using basic arithmetic (+ - * /), unary (-, ~), and binary (| & ^) operators, compiles on all architectures, and vectorizes quite well. For example, SSE2 only supports double pairs (V2DF type), so on SSE2 the above example uses two XMM register pairs.

    GCC-4.8 has even better support, adding vectorized comparisons. (Square root and reciprocal square root still require intrinsics.) This makes it easy to write a 3D vector/matrix functions that vectorize well on many different architectures, and to use new extensions, for example AVX, you only need to recompile the sources; no source changes needed.

    Still, I too use intrinsics, at least for the critical parts, and expect to do so in the future, too. But, for a lot of library code, the vectorized types may yield a nice performance boost while keeping the code portable (between architectures, not between compilers).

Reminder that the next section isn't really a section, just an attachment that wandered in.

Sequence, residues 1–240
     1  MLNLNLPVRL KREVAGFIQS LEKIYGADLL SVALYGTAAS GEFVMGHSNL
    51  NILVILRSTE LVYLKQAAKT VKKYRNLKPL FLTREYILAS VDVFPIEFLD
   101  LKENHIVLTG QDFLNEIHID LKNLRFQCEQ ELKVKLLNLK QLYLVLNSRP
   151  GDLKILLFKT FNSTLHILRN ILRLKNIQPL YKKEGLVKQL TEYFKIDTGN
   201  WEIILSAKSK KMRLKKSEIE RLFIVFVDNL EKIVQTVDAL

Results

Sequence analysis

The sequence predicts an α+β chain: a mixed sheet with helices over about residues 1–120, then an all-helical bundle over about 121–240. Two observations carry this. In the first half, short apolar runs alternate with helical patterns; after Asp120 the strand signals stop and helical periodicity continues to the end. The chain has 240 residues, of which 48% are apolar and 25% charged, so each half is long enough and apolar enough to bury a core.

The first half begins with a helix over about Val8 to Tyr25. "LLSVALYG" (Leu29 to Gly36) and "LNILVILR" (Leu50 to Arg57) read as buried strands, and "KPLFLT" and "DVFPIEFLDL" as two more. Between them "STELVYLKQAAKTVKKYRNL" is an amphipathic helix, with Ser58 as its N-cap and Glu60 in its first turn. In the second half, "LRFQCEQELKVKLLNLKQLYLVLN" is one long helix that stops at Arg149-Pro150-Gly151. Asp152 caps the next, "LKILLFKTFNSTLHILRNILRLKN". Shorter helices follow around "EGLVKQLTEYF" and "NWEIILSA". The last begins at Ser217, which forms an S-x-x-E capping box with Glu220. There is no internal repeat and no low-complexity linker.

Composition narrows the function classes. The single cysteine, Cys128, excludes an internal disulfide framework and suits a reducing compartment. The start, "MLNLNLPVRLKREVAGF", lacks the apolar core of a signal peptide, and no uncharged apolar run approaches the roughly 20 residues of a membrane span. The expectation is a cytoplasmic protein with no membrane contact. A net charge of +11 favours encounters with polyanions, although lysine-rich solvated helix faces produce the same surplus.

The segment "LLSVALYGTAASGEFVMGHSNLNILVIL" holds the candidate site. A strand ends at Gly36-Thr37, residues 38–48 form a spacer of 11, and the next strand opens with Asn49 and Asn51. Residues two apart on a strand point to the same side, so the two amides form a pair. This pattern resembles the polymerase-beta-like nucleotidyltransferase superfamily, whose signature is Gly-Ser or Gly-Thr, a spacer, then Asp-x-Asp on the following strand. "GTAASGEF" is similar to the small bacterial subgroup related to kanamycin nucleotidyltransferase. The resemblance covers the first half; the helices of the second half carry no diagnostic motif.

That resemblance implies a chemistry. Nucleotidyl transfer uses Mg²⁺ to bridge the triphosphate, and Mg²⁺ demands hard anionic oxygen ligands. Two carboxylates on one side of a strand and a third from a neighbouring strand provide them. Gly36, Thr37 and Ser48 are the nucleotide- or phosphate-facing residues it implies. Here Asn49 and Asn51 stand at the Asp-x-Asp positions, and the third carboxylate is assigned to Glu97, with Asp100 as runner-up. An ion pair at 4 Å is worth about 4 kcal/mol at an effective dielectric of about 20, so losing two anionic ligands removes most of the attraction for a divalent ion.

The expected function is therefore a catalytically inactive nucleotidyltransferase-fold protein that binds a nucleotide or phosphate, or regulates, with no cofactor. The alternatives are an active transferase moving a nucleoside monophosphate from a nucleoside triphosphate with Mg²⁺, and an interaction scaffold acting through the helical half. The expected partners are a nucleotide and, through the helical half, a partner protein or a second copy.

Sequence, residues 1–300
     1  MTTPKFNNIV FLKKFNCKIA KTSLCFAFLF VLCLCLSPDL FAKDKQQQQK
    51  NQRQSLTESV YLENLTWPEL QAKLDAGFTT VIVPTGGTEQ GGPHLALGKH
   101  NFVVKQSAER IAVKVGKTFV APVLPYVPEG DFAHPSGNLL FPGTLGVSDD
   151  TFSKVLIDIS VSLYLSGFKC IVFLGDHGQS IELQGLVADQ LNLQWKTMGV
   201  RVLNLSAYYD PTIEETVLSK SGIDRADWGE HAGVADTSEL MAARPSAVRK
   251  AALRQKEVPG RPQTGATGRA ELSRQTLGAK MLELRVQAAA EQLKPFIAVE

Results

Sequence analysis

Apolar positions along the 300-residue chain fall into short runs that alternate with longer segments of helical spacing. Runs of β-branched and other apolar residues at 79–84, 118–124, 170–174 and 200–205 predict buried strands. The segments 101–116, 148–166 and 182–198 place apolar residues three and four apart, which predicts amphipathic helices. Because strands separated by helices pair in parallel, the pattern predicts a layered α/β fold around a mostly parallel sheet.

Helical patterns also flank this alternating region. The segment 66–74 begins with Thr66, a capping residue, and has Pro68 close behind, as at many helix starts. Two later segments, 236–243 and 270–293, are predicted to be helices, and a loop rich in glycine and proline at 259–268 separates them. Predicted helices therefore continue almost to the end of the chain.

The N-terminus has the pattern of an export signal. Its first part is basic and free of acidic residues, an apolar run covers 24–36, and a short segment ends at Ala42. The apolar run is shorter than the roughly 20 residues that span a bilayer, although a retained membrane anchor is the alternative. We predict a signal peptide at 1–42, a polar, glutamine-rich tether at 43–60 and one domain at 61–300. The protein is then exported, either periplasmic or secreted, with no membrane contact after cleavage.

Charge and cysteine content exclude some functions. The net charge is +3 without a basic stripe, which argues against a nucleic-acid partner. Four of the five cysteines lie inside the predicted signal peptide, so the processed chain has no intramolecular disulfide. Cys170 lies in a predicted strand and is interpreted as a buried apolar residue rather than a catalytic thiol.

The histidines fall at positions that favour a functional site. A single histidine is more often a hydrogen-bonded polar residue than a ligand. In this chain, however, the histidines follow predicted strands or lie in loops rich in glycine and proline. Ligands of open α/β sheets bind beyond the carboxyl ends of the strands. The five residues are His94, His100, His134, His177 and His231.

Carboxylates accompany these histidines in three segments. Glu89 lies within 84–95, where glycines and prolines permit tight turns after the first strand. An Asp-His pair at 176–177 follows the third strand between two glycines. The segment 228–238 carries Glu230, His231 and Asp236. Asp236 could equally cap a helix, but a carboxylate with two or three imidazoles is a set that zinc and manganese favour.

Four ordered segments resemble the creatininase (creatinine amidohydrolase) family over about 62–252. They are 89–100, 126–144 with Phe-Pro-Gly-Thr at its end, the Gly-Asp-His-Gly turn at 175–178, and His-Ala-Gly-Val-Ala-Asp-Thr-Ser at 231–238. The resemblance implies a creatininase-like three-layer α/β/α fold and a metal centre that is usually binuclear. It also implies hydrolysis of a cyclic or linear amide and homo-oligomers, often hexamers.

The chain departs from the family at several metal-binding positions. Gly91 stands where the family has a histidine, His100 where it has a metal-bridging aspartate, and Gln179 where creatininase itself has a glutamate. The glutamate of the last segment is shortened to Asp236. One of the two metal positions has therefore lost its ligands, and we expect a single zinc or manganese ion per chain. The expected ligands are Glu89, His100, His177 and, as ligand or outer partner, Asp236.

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    Modern versions of GCC have -Ofast as an option. You could try this as an alternative to -O3 and see if it does anything different.

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    -Ofast is currently -O3 -ffast-math

    Optimize Options - Using the GNU Compiler Collection (GCC)

    Looks like there's also a new -Og which is pretty cool.

  10. #10
    Make Fortran great again
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    I'll third the SSE comment -- I did some tests last night on my Fortran programs with the SSE options and it didn't speed anything up at all. Disappointed.

    Nominal: I always use either c++11 or c99 for the standard when compiling C/C++ programs, so I'm glad to hear that about numerical precision.